Types of Medical Malpractice Cases

The majority of medical malpractice lawsuits are based on certain types of medical errors.

Whether a medical malpractice lawsuit is filed against a physician, a surgeon, a hospital, or any other health care professional or care facility, most of these cases are based on certain kinds of treatment mistakes, specifically:

  • misdiagnosis
  • negligence affecting pregnancy and childbirth
  • mistakes in prescribing or administering medication, and
  • surgical errors.

Let’s look at each one of these types of medical errors a little more closely, while keeping in mind that as with most personal injury cases, medical malpractice liability is always based on negligence—more specifically, medical negligence. That means you need to be able to show not only that a mistake was made, but that the health care provider failed to provide treatment that was in line with the medical standard of care under the circumstances. Learn more about when it's medical malpractice and when it isn't.

Misdiagnosis and Medical Malpractice

A physician's misdiagnosis of a condition is probably the leading type of medical error, and some of the most commonly-misdiagnosed diseases and conditions are infections, tumors or masses inside the body, heart attack, blood clot in the lung (pulmonary embolism), and heart disease.

Misdiagnosis can occur with complex conditions (like those listed above) because patients do not always have the textbook list of symptoms. But the consequences of misdiagnosis can be life-threatening, or even fatal when a physician devotes precious time and attention to the wrong condition while the real problem is allowed to go untreated for weeks or months. Learn more about medical malpractice cases based on misdiagnosis.

Medical Negligence Affecting Pregnancy and Childbirth

So much can go wrong during a pregnancy and delivery that, even in the twenty-first century, medical negligence affecting both the mother and/or child during pregnancy and childbirth (obstetric/gynecological negligence) is still fairly common.

Some leading types of medical malpractice during pregnancy and childbirth relate to:

  • excessive bleeding
  • placental abnormalities (placenta previa or placental abruption)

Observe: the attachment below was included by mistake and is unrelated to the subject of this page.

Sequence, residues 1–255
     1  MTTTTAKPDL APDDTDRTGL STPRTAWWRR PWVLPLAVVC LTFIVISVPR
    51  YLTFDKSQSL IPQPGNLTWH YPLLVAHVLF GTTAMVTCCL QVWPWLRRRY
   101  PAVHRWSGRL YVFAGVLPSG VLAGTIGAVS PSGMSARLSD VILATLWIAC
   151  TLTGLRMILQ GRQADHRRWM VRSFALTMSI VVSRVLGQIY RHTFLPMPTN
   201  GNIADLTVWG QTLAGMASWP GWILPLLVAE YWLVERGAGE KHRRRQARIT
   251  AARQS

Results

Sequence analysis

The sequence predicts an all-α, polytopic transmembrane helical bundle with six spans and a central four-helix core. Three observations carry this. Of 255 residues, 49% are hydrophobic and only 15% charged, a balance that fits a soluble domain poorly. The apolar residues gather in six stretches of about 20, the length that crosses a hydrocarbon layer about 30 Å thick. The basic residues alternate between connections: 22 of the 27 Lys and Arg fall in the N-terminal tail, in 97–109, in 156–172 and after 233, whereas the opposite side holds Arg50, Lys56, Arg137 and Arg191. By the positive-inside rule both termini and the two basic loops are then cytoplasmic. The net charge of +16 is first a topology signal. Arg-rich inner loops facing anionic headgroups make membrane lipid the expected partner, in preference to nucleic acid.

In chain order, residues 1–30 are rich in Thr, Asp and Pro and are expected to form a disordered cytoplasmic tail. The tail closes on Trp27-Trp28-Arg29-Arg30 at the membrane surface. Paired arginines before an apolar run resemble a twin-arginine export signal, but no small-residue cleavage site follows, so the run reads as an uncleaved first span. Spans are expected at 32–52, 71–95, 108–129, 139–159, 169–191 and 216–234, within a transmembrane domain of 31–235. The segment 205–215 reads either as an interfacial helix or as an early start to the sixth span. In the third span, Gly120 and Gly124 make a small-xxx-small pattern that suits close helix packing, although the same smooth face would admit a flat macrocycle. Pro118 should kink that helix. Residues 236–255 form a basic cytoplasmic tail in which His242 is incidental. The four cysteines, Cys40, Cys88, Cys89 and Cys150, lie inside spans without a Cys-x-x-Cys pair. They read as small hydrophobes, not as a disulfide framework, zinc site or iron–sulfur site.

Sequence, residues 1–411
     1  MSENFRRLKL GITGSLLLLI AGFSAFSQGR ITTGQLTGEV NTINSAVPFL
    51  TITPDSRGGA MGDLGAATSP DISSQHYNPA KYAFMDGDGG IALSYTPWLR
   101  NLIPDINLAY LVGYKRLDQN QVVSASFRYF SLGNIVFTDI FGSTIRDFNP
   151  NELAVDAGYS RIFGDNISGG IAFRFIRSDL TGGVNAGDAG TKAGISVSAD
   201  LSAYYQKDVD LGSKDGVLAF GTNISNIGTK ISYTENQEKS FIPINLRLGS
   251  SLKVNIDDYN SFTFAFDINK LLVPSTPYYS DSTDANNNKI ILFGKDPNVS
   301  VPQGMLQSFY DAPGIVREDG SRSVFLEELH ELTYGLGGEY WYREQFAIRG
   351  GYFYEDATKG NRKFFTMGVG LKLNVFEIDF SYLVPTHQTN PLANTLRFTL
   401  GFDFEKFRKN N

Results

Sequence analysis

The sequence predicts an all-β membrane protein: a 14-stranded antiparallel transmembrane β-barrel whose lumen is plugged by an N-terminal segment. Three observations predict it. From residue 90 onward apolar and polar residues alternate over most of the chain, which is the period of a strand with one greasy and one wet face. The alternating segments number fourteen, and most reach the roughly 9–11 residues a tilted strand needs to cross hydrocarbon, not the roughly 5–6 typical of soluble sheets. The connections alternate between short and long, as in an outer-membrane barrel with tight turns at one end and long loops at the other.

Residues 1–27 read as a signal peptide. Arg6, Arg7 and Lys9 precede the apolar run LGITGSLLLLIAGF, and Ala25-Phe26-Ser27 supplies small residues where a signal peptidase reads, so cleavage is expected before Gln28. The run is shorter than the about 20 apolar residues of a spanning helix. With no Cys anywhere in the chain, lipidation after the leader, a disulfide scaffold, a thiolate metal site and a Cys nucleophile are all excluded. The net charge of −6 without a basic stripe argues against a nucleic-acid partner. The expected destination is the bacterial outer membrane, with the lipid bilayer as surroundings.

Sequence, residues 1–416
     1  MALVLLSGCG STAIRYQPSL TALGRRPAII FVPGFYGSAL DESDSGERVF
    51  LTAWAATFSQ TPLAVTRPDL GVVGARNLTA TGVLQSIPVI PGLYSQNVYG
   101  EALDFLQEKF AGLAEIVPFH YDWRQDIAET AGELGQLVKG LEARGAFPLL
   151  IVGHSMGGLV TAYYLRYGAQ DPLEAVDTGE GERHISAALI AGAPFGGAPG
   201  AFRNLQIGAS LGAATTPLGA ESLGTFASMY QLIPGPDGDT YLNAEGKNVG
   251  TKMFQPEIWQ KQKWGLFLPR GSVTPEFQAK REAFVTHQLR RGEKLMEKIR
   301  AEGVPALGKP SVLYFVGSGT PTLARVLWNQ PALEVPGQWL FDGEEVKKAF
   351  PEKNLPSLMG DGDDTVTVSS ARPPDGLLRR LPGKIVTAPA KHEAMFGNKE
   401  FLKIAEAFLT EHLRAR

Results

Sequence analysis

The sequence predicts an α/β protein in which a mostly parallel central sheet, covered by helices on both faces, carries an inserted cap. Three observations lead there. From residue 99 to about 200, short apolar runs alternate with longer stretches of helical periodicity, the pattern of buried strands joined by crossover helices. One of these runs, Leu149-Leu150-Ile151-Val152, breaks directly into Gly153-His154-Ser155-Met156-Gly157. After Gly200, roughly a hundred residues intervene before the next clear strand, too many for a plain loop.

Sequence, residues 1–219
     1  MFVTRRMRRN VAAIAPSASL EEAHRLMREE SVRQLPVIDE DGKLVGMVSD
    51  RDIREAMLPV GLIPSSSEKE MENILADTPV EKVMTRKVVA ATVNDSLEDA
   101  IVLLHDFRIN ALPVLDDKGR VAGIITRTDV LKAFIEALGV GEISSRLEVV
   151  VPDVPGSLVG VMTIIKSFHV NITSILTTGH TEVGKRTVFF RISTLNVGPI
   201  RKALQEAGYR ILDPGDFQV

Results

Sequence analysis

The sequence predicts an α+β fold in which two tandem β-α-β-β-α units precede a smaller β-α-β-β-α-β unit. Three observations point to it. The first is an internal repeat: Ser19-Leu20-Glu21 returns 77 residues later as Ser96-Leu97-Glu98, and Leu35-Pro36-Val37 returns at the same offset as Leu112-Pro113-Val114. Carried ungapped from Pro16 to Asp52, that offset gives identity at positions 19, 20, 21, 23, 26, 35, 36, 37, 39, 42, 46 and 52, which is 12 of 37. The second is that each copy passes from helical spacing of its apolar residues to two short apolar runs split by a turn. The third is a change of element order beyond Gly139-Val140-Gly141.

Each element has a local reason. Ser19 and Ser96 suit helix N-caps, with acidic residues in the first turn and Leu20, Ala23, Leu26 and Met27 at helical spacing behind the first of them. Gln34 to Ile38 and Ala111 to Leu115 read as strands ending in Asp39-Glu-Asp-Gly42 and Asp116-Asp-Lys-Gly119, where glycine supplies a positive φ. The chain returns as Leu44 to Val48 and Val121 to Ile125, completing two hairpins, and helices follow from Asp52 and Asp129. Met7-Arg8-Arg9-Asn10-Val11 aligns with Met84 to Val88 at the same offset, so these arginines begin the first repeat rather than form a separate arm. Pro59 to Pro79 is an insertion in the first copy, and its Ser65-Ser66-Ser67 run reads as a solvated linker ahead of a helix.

• mother’s gestational diabetes
  • excessively long labor that causes injury to the mother and/or baby
  • preeclampsia
  • hemorrhage during pregnancy or labor
  • surgical negligence during cesarean delivery
  • negligence in administering anesthesia during labor or cesarean delivery
  • shoulder dystocia or other nerve injury to the baby during labor, and
  • Bell's palsy.

It's important to note that just because a pregnancy and/or delivery did not go as expected, it does not automatically follow that the obstetrician has committed malpractice.

Mistakes in Prescribing/Administering Prescription Drugs

Medical malpractice relating to medication is extremely common. Medication errors can result from administering the wrong medication, or from administering too much or too little medication. These errors can also be caused by a physician prescribing the wrong medication or the wrong amount, the pharmacy giving out the wrong medication, or the nurse or physician’s assistant administering the wrong medication or the wrong amount. If, for example, any of the health care providers in the entire medication chain (from doctor to nurse to pharmacist) misses or transposes a decimal point, the patient could be administered ten or a hundred times too much (or too little) medication. Learn more about medication errors as medical malpractice.

Surgical Errors and Medical Malpractice

Mistakes by a surgeon or anesthesiologist during surgery are not unusual. The most common surgical errors are damaging a nerve, failing to control bleeding, and leaving a foreign body (like a medical sponge) inside the patient. But surgeons have also performed the wrong operation, sometimes on the wrong part of the body or occasionally on the wrong patient entirely.

Anesthesia-related negligence usually has to do with giving the patient too much anesthesia, too little anesthesia, or the wrong type of anesthesia (some people are allergic to certain types of anesthesia). But anesthesia-related negligence can also relate to patient care during a procedure. For example, patients must be periodically moved during certain types of surgery to avoid putting too much pressure on specific parts of the body, and the anesthesiologist is often responsible for having the patient moved. If a patient is not moved properly or at the right time intervals, nerve damage and other injury can result. Learn more about surgical malpractice.

To learn more about the viability of your potential medical malpractice case, it may make sense to discuss your situation with an experienced medical malpractice attorney.

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